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Power Grid» Forums » Rules

Subject: Mechanics rss

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Paulo Soledade
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Hi you all. I recently bought Power Grid and I tried to play it once with two other friends. I followed the rules for begginers by not playing the 2nd and 3rd phases. So the game ended when one of us fired seven cities.
Is it that simple to play? I mean. The game ended in 45 minutes and it was so easy to win that we couldn't believe that we were playing as we should.
Can we actually buy the number of cities we want.
We may buy a house for 10€ and then we don't have to make anything in the beurocracy point if we don't want to?

Please. Is it a bad game or it's just not that interesting with that begginers rule?

Thank you all.
 
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Marshall P.
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Only playing to phase 1 definitely takes a lot of the steam out of the game. You should only do that to learn the rules then play the full game afterwards.

One rule you got wrong is that the game ends when someone builds thier 7th city not powers it. The winner is the one who powers the most but that may be less or more than 7 cities.

btw, couldn't it have only been easy to win for one person? Surely not everybody could have thought it was too easy to win.

Yes, you can buy the number of cities you want as long as you can afford them. Remember in almost all circumstances it costs more than $10 because you have to pay connection costs.
 
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Paulo Soledade
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Thank you mdp 4828.

mdp4828 wrote:
One rule you got wrong is that the game ends when someone builds thier 7th city not powers it. The winner is the one who powers the most but that may be less or more than 7 cities.


In a short victory like this (7 cities) maybe that rule doesn't make it very diferent. Anyway I'll try it another time but with a diferent victory goal. The full monty
 
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Dave Kudzma
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I want to delve deeper into what Marshall said.

When you build a house in a new city, it costs you 10 elektros plus the connection costs. Only 1 person can build in the 10 space of each city, and building can only take place in the 10 spaces during phase 1. You can "jump" across a city that's already occupied, but you have to pay connection costs from a point you have already built to get to the new city. In this way you cannot just build anywhere you want for just 10 elektros. After your first build, with the exception of areas that have 2 cities side by side without connection costs, you will will certainly pay more than 10.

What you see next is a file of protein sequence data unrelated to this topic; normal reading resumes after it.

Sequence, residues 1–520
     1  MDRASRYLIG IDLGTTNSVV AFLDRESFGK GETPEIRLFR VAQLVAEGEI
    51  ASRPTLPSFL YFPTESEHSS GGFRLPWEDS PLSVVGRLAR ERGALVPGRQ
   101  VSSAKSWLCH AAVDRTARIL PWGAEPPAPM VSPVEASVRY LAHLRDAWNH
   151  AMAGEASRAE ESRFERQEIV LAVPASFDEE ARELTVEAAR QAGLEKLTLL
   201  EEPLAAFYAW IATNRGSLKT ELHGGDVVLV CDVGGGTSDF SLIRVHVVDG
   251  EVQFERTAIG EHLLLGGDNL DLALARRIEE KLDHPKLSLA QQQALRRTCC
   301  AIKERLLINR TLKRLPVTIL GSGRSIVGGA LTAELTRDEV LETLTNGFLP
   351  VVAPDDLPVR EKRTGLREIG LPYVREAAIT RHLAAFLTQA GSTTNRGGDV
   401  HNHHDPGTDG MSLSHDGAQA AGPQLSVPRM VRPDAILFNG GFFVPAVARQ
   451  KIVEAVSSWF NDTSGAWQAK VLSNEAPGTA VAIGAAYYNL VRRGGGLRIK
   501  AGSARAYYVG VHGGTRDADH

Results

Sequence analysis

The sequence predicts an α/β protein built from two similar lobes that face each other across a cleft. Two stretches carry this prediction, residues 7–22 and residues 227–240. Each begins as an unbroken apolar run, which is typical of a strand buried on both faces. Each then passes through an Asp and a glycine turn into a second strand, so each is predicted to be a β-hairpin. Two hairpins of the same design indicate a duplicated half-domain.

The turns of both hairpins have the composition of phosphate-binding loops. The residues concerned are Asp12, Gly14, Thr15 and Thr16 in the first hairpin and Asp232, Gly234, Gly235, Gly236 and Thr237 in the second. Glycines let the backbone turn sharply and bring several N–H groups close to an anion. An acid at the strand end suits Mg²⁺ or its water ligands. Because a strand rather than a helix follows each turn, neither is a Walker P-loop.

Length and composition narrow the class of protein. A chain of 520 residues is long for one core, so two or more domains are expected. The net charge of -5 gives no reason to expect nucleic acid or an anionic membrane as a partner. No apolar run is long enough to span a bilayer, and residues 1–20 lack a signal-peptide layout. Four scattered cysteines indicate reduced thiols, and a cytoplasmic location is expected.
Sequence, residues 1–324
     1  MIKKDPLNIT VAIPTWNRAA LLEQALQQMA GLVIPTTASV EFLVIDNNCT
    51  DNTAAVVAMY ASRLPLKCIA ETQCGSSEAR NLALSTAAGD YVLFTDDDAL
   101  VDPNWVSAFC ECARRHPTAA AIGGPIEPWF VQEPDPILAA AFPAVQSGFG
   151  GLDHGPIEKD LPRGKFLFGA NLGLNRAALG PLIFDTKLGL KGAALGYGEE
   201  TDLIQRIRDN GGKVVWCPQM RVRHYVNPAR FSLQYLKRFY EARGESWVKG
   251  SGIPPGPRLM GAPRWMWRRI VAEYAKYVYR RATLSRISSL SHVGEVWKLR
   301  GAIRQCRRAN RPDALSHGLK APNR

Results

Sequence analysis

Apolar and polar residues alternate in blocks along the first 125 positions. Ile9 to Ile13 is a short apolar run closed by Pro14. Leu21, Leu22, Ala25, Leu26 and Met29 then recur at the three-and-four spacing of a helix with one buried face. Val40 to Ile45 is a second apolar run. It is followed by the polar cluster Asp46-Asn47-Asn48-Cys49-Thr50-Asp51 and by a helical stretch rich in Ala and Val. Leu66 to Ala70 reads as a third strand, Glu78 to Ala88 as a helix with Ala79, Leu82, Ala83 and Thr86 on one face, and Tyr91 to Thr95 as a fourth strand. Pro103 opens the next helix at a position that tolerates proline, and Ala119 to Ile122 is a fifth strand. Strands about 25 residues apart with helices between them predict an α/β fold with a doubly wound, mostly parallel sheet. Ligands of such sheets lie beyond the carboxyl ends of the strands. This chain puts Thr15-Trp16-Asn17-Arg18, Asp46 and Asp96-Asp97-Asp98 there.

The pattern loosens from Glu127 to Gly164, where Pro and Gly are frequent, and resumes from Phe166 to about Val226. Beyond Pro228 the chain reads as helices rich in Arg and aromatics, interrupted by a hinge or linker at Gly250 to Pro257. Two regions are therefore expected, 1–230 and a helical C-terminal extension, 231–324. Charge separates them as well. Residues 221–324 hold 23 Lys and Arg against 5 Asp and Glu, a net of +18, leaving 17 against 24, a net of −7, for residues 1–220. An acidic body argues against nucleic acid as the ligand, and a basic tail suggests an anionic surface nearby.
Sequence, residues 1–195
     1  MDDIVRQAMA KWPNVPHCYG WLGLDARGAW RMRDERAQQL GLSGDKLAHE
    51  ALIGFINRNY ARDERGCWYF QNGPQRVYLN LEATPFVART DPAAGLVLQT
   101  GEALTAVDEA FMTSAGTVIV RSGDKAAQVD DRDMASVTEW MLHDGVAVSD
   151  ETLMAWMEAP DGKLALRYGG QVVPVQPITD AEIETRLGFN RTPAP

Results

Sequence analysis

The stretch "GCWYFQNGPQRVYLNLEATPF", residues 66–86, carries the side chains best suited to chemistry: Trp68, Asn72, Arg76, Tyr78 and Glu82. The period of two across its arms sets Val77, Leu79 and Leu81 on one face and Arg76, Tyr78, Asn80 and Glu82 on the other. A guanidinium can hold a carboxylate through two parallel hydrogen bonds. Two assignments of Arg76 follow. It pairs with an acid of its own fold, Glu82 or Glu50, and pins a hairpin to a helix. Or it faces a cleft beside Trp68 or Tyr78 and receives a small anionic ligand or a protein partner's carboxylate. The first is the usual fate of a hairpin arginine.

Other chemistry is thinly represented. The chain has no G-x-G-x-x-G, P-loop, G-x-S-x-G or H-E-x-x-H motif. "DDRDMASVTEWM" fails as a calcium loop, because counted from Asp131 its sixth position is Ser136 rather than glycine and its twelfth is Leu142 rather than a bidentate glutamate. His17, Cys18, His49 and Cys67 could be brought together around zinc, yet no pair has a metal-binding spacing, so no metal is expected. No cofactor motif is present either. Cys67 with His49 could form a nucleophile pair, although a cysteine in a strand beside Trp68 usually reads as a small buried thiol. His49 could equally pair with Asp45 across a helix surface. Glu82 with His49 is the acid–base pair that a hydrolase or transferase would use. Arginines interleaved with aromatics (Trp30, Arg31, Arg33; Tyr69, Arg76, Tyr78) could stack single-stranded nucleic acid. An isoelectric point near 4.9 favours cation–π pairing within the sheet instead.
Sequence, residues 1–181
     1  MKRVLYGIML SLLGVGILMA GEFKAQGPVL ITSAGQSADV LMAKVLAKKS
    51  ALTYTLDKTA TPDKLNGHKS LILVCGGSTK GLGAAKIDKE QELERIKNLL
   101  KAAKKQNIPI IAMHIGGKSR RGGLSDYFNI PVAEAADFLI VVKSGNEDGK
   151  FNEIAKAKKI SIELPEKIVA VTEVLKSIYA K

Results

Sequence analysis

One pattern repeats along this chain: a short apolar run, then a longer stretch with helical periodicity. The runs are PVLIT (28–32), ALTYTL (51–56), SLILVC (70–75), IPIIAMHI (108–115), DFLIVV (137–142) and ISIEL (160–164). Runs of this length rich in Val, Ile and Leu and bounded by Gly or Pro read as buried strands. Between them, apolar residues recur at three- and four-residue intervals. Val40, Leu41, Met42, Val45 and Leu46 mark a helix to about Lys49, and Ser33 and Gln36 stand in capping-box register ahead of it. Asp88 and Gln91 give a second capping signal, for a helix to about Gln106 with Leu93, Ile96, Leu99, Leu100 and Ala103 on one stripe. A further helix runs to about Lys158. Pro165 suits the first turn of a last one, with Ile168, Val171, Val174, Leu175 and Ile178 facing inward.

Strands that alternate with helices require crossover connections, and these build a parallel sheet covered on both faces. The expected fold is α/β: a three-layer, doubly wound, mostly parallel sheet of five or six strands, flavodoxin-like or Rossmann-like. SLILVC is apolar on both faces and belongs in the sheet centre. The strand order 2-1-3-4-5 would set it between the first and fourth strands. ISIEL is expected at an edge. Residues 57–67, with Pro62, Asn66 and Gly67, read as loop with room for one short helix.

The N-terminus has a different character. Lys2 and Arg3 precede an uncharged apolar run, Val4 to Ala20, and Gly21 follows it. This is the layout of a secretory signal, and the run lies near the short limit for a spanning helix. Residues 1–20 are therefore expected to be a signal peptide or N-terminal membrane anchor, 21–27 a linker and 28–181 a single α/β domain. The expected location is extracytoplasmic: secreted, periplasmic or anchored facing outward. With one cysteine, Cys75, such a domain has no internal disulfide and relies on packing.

The beurocracy phase is the point where you expend resources on your power plants to power your cities. This in turn earns you money based on the chart on the players cards. You mentioned whether you had to do anything during this phase. There is a base amount of money you get for not powering anything, but it's a pittance compared to actually powering the cities you've built in. You would most certainly want to fire your plants each beurocracry phase, but not necessarily fire all of them. Sometimes it's less than efficient to fire them all. For example: If you have built in 3 cities, and you have one play that powers 2 and one that powers 5, it would be silly to fire both. You would most likely just fire the 5.

You definately want to play a full game, as I felt like you did after I tried the starter rules. Adding the rest of the game not only lets the board tighten up and building become more costly, but you also see a wider variety and more efficient power plants. Also after someone has built into their 7th city, in subsequent rounds players may build into cities that already had houses. They may use the 15 space on each city, though the same player may not build in the same city twice. Near the end of the game, the Step 3 card comes out. This allows players to build in the 20 spot of each city, following the same rules for the 15 spots. On top of that, it also makes all plants in the display available for auction, not just one row.

So as you can see, there's a tons of variety and detail missing without playing a full game.
 
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Paulo Soledade
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locusshifter wrote:
You definately want to play a full game


Thanks "locusshifter". After that full game you mentioned maybe we'll meet again.
Thank you again.
 
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J Castellucci
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It took our group a little while to warm to Power Grid. At first it seems like there is not much to the game, but it does have some depth to it.

Right now, we are at the lose-to-win stage of strategy -- this is where you fight for last place through most of the game so as to have the most advantageous timing on the phases.

Also, we are starting to learn a bit about positioning -- we started off fighting to start in the low-cost areas, but we have come to realize that you want to be more central, so you have more options for expansion in the later Stages (and expanding through the low-cost areas can give you explosive growth towards the end of the game when you want it).
 
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